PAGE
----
Session Title: Pediatric Rheumatology – Clinical Poster I: JIA (0241–0265)
Session Type: Poster Session A
Session Time: 8:30AM-10:30AM
Background/Purpose: Electronic Health Records (EHRs) store nearly all clinical data in one central location providing increased accessibility, accuracy, and security. At our institution, the Synthetic Derivative (SD) is a de-identified EHR containing over 3.2 million records that links to a DNA biorepository, BioVU. The objective of this study is to develop an algorithm to detect a highly sensitive and specific cohort of juvenile idiopathic arthritis (JIA) patients in the EHR. Within this cohort, we determine characteristics of the identified JIA patients.
Methods: We developed our cohort by searching International Classification of Diseases, Ninth (ICD-9) and Tenth (ICD-10-CM) Revisions and keywords in the SD. A priori, ICD-9 and ICD-10-CM codes and keywords clinically relevant to juvenile arthritis were selected (Table 1). Keywords were identified by a survey of pediatric rheumatologists at a single site. Keywords selected were included in at least 75% of survey responses and returned less than 3000 cases in individual searches of the SD. Uveitis returned >3000 cases in the SD but was retained due to recurring appearances in confirmed JIA charts. We then combined the ICD codes with the keywords for possible algorithms. Algorithms used varying ICD code counts and searched keywords by “and” or “or” functions. A training set of 200 random charts was identified from a search of ≥1 count of the ICD-9 and ICD-10-CM JIA codes. Case status was determined by a pediatric rheumatologist who required a rheumatology clinic note documenting a JIA diagnosis before age 20. Positive predictive values, sensitivities, and F-scores were calculated for each algorithm. The F-score is the harmonic mean of the PPV and sensitivity and is frequently used in bioinformatics, as it accounts for both PPV and sensitivity.
Results: We analyzed 21 algorithms and ranked them by F-score. Our highest performing algorithm required ≥4 ICD-9 or ICD-10-CM code counts and any of the selected keywords to be present. It identified 1,514 patients and produced an F-score of 0.87. Other high performing algorithms used similar search methods (Table 2). Demographic data and age at first diagnosis in the EHR were analyzed for the cohort with the highest performing algorithm. Our JIA population was 72% female and 81% Caucasian. Approximately 20% of the JIA population had EHR diagnosis in the first 3 years of life, and 84% had EHR diagnosis appearing before 16 years of life. The ICD code that appeared most frequently in our cohort was the ICD-9 code, “Polyarticular juvenile rheumatoid arthritis, chronic or unspecified” (714.30).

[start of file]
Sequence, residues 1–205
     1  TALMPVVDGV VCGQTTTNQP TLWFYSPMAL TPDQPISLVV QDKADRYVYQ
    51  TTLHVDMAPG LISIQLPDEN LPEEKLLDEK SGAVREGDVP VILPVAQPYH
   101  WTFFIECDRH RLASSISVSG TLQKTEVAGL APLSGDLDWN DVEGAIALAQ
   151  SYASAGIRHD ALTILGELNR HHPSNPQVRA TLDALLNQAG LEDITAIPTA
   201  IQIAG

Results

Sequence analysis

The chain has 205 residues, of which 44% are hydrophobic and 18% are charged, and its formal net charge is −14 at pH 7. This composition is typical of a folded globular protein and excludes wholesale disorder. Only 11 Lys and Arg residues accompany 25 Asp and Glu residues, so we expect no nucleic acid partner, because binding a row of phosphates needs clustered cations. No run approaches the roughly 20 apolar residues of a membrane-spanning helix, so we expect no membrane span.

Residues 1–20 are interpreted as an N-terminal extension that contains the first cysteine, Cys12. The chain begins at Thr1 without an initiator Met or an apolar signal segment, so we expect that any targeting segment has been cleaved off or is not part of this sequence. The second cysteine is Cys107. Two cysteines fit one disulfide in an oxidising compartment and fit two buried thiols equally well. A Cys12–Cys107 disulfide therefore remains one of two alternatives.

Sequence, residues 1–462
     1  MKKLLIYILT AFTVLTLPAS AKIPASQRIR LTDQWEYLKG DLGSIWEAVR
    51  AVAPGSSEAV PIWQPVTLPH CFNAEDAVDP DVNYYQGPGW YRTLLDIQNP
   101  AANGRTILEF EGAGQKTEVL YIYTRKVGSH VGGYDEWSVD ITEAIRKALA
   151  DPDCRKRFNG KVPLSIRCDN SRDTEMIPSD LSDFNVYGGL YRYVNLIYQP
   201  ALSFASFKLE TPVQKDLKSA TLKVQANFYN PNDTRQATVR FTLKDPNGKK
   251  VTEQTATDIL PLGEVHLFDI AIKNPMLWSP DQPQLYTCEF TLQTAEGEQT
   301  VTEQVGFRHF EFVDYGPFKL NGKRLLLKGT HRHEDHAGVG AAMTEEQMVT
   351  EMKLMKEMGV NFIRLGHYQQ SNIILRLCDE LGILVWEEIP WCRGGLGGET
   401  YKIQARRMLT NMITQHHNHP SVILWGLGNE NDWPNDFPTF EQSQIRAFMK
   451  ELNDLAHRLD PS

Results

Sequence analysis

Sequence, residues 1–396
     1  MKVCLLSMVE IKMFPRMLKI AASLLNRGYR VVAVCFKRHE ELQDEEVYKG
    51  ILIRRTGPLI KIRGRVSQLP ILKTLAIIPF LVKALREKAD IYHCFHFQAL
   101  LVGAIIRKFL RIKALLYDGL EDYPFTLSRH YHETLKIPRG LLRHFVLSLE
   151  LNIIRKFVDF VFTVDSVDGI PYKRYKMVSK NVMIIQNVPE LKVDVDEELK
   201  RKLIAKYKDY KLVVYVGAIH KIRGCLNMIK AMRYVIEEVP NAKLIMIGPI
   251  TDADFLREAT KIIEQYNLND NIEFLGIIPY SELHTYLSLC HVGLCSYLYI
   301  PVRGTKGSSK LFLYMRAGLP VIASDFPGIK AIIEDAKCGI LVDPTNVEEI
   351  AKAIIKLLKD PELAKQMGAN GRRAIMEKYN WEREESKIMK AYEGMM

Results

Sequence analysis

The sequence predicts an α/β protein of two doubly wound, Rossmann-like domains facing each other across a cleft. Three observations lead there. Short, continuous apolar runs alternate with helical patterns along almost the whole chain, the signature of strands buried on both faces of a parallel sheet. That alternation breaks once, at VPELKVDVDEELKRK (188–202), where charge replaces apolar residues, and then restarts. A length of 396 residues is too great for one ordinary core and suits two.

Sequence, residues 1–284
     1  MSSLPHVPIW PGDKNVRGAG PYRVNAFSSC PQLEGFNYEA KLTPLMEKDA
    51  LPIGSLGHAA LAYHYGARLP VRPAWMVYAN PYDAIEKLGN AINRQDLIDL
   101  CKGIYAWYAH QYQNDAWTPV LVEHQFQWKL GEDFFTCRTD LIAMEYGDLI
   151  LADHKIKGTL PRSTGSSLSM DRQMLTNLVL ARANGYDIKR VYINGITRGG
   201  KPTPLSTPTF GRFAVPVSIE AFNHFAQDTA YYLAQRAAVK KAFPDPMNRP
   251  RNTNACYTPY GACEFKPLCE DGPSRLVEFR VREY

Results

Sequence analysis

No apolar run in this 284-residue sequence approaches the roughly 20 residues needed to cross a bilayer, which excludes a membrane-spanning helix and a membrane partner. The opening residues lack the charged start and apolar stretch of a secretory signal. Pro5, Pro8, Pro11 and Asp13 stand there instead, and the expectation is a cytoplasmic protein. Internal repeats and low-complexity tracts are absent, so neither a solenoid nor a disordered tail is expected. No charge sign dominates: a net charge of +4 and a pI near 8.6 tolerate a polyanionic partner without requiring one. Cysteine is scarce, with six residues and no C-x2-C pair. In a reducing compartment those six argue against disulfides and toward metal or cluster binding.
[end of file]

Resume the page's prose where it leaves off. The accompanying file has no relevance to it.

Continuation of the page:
Conclusion: We have developed algorithms for accurately identifying JIA patients in the EHR. Combining ICD-9 codes, ICD-10-CM codes and keywords produced a more sensitive and specific cohort than using ICD-9 or ICD-10-CM codes alone. Requiring multiple instances of the ICD-9 or ICD-10-CM codes also improved algorithm performance. Our identified cohort reveals demographic and diagnosis patterns among the JIA patients in our region. Assembling an EHR-based JIA cohort will enable longitudinal, de-identified chart review and linkage to the BioVu DNA repository for future studies.
To cite this abstract in AMA style:Peterson H, Barnado A, Patrick A. Developing Electronic Health Record Algorithms That Accurately Identify Patients with Juvenile Idiopathic Arthritis [abstract]. Arthritis Rheumatol. 2021; 73 (suppl 10). https://acrabstracts.org/abstract/developing-electronic-health-record-algorithms-that-accurately-identify-patients-with-juvenile-idiopathic-arthritis/. Accessed December 8, 2021.
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ACR Meeting Abstracts - https://acrabstracts.org/abstract/developing-electronic-health-record-algorithms-that-accurately-identify-patients-with-juvenile-idiopathic-arthritis/